I thought Razz you were talking more about a few people getting together to share housing. As I get older, this looks extremely appealing to me, especially if I were widowed or divorced. Then I would immediately call my friend MJ and say, hey, lets buy a little house in Savannah to live in and she would probably be game, and she could get her friend, C, etc.

    I could deal with sharing a kitchen. Sharing a garden would be much more difficult. . .

  9. #9
    Senior Member catherine's Avatar
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    Quote Originally Posted by Tybee View Post
    I was intrigued by this concept when I first heard of it and looked into a few, twenty years ago. Thanks, Catherine, for posting that link. (And why do they have to offer a non-violence workshop that is private, when other stuff is public--hmm). The problem I saw for us was that they were always extremely expensive, and would self select or very high incomes, it seemed to me, and that felt kind of like a gated community but way out in the boonies, with beautiful architecture but you would have to drive to get there.

    My one experience with condo living was horrible, because of things liked shared lawns and self-appointed fertilizer kings.

    I thought Razz you were talking more about a few people getting together to share housing. As I get older, this looks extremely appealing to me, especially if I were widowed or divorced. Then I would immediately call my friend MJ and say, hey, lets buy a little house in Savannah to live in and she would probably be game, and she could get her friend, C, etc.

    I could deal with sharing a kitchen. Sharing a garden would be much more difficult. . .
    Actually, now that you mention it, Tybee, I have a cousin who was born a week before I was, and we're fairly close. She has lived in CT with her mother, who is now 94, for much of her life. They have a beautiful old farmhouse--my aunt's husband owned a landscape nursery. If I became single I (theoretically) would consider living with my cousin for companionship if it came to that. But I think at this point, I'd be much more likely to just move full time to our little neighborhood in VT. I wouldn't say I share common values 100% (I definitely have experienced the lawn/fertilizer kings) but they are good people and they would look out for me.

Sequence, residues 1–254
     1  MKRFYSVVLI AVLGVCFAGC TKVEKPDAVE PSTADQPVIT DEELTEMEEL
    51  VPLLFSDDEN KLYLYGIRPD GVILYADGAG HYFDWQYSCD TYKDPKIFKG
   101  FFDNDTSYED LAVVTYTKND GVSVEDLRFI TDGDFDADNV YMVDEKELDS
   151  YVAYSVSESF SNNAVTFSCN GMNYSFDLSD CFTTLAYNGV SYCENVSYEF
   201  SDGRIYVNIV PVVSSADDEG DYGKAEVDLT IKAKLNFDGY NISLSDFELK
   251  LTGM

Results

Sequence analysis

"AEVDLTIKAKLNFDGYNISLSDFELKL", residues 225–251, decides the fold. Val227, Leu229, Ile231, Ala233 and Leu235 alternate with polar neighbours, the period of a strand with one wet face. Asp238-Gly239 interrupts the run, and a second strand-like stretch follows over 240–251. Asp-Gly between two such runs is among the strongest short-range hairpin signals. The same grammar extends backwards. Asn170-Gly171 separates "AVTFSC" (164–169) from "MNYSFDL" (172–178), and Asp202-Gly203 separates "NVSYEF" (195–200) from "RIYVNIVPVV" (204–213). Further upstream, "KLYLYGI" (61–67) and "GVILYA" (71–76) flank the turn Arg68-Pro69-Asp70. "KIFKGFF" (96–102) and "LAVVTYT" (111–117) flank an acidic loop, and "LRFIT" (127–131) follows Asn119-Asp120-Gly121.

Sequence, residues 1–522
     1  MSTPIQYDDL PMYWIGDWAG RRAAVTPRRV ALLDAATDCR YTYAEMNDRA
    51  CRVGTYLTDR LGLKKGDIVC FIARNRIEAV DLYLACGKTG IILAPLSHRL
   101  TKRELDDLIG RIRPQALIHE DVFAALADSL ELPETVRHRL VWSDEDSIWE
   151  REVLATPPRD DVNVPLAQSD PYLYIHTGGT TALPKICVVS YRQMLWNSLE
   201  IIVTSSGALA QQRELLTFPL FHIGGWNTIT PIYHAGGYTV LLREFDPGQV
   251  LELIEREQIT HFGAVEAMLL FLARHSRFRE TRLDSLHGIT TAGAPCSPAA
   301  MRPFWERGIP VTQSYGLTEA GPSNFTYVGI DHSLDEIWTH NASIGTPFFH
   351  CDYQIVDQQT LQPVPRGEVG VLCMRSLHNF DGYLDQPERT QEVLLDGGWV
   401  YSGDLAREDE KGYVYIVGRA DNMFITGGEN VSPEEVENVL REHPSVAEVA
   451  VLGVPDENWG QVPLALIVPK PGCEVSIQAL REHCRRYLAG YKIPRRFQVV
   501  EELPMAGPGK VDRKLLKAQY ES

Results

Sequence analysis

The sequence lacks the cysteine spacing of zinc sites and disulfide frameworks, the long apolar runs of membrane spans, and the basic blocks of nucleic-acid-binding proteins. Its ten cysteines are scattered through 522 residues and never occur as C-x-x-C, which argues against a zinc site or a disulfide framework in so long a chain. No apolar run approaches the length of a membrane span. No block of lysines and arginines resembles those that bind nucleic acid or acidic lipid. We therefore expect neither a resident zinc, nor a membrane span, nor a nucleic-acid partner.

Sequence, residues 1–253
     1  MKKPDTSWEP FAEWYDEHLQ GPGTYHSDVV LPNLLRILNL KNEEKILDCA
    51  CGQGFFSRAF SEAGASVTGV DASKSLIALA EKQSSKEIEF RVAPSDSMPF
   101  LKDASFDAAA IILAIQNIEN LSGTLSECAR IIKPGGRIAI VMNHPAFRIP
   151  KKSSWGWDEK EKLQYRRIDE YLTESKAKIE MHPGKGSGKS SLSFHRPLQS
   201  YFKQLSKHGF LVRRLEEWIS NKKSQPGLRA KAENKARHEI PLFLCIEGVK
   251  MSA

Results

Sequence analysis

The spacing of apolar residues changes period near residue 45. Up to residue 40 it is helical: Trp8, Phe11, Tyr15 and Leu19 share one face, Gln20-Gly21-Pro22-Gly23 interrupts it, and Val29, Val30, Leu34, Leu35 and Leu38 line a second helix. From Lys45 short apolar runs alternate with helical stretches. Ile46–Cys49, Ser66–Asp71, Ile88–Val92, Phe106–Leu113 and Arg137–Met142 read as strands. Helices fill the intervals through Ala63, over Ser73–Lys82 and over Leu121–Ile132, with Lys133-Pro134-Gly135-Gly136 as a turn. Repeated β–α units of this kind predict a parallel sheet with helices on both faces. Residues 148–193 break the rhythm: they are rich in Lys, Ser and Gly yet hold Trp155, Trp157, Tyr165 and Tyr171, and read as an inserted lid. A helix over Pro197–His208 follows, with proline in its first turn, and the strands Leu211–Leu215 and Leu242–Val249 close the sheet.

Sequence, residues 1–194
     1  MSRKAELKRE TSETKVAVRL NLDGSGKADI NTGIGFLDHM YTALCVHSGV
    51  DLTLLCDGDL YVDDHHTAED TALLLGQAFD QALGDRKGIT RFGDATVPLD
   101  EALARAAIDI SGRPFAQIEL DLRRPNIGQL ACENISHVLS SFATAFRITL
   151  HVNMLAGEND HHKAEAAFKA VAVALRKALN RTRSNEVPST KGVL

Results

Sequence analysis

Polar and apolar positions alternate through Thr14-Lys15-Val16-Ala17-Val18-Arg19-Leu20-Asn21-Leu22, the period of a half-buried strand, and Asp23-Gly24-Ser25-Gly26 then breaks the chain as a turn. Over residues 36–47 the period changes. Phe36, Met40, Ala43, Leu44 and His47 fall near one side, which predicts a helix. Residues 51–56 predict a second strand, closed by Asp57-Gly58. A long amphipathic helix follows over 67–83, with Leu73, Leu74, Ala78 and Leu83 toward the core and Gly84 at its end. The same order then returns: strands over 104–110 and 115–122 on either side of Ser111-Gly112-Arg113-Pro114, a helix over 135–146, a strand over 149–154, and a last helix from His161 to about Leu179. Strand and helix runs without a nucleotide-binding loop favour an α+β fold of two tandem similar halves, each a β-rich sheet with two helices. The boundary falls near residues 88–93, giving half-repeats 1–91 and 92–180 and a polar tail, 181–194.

"Do any human beings ever realize life while they live it--every, every minute?" Emily Webb, Our Town
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  10. #10
    Senior Member iris lilies's Avatar
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    Quote Originally Posted by catherine View Post
    Haha... ! Yes, Portlandia does come to mind in your description. (I LOVE that show)

    Is this an example of what you're talking about? I found this community while tooling around last year looking for a VT home.

    https://www.champlainvalleycohousing.org

    ."
    Oh that is horrifying! They are “ Dedicated to knowing each other in a more meaningful way. “ Cripey, get me outta there.

    Doing a little more introspection than usual today I am now tapping into what may be feeding some of my dislike of this cohousing concept. My California relatives play into it. I think of my California relatives who purchased expensive real estate in one of those highly planned earth friendly super architecturally clean communities, Sea Ranch. It suited them for a while but then someone was going to build an intentional castle right in front of my aunt’s intentional view of the ocean, so she got mad and left. That aunt and several of her friends bought condos in the same complex in Oregon. That is of course where the Californians go when they want to retire in cheap real estate which is no longer cheap because the Californians have moved there with their big California dollars.

    That aunt must be well into her 90s by now, probably nearing 100. I wonder how many of her friends are left in the intentional Oregon condo community